"I ain't trippin' off these niggas, flippin', losin' they mind
gettin' high, chasin' hoes, I was like that at one time
I did my thing, and still on top of my game
Got niggas askin': "Big Mike, when you gon' be drop in the game?"
I just smile, go back to the lab, work on my style, collect beats
cook it up like a ki and take it back to the streets
Cause niggas beef when I don't speak, like they straight missin' somethin'
I give 'em a tape, they be like "wait," pop it in they deck and start bumpin'"
But don't do like me or you might end up at them pearly gates. Big Mike's trying to keep things grounded anyway, as he shows on "All a Dream":
"This rap game ain't no plaything, plaything
niggas been hustlin' for years tryin' to make this shit here permanent paytime
now you got these here hustlers, fake muthafuckas tryin' to bite your shit
they comin' with the crooked game, they tryin' to get the name and license shit
now instead of tryin' to write some shit
they be steady claimin' that they like your shit
tryin' to get you to keep poppin' while they're plottin' to rewrite your shit"
Brooklyn's Biggie Smalls once started a rap with the words "It was all a dream..." to recount his own humble beginnings. In the end he got to live his dream, but it was shattered way too early. "You ever thought about this rap game as a life saver?" asks Mike's prominently featured protege III (Trey) in "It's Alright". It might as well have been Biggie's life saver, but some might argue that it did not only save, but also end his life. Around the same time "Life After Death" was completed, Big Mike underlined his will to live on "Everybody Wants a Name":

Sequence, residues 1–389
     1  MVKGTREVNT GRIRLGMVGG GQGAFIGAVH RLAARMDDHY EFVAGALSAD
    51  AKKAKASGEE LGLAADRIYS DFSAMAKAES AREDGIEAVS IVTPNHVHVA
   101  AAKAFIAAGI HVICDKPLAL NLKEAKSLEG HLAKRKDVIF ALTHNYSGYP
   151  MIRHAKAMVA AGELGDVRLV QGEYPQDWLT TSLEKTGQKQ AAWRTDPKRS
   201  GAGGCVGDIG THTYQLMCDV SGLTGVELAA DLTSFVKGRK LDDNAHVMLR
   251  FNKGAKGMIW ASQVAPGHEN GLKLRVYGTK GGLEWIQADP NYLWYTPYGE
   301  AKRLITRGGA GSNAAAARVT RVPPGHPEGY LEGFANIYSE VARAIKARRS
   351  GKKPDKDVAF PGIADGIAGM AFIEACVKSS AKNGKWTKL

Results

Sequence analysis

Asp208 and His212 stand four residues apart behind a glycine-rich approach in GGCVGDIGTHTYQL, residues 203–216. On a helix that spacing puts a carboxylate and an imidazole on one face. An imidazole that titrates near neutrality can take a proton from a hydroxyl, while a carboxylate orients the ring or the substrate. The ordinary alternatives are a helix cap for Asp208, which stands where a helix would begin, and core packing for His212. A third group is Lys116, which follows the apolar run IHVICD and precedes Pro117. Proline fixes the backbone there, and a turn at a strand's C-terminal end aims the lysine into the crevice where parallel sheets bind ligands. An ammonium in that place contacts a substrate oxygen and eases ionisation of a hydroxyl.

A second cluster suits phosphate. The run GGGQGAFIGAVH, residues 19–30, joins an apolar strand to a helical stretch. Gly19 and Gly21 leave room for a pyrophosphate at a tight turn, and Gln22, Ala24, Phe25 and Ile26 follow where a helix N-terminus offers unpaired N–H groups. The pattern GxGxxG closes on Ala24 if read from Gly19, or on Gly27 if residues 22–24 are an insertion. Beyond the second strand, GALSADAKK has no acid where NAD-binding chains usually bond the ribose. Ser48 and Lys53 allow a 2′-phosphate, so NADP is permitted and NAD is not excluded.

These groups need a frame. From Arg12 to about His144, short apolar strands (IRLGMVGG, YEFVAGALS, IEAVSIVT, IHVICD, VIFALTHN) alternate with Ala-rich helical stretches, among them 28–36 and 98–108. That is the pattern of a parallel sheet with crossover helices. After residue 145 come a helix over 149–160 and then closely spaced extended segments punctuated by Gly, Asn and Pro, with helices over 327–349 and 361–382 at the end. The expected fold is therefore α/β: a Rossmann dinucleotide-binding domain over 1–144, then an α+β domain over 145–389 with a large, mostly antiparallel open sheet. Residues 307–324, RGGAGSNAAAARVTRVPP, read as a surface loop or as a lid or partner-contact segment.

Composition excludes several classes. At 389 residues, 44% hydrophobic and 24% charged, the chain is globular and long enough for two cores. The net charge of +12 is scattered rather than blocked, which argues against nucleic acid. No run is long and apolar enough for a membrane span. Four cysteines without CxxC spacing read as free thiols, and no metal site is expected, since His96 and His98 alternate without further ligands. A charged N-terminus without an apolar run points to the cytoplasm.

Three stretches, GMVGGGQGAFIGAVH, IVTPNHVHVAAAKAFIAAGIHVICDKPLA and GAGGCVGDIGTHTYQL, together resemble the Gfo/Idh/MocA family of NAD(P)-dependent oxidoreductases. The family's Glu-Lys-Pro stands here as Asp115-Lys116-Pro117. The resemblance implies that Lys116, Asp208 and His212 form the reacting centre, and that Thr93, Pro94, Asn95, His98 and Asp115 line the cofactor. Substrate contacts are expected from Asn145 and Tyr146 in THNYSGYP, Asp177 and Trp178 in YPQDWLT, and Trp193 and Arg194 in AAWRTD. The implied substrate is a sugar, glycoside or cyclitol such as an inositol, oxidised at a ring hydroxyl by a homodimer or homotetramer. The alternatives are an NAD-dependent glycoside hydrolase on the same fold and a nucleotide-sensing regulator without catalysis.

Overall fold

"I plans to be around, not six feet in the ground
kick back with other blacks, enjoyin' the sound
of our kids comin' up in a similar fashion
makin' it happen, gettin' theirs without askin'
until then I keep on rollin' with the punches
collectin' dough in bunches
layin' my head on plush shit
a hunch, kid
will get your ass a long stay
but a little bit of faith'll carry a nigga a long way"
That and watching where you're going - in the literal AND in the figurative sense. Ultimately I guess I had to learn the hard way that Big Mike was 'still serious'.
Music Vibes: 9 of 10 Lyric Vibes: 8 of 10 TOTAL Vibes: 8.5 of 10
Originally posted: August 16, 2001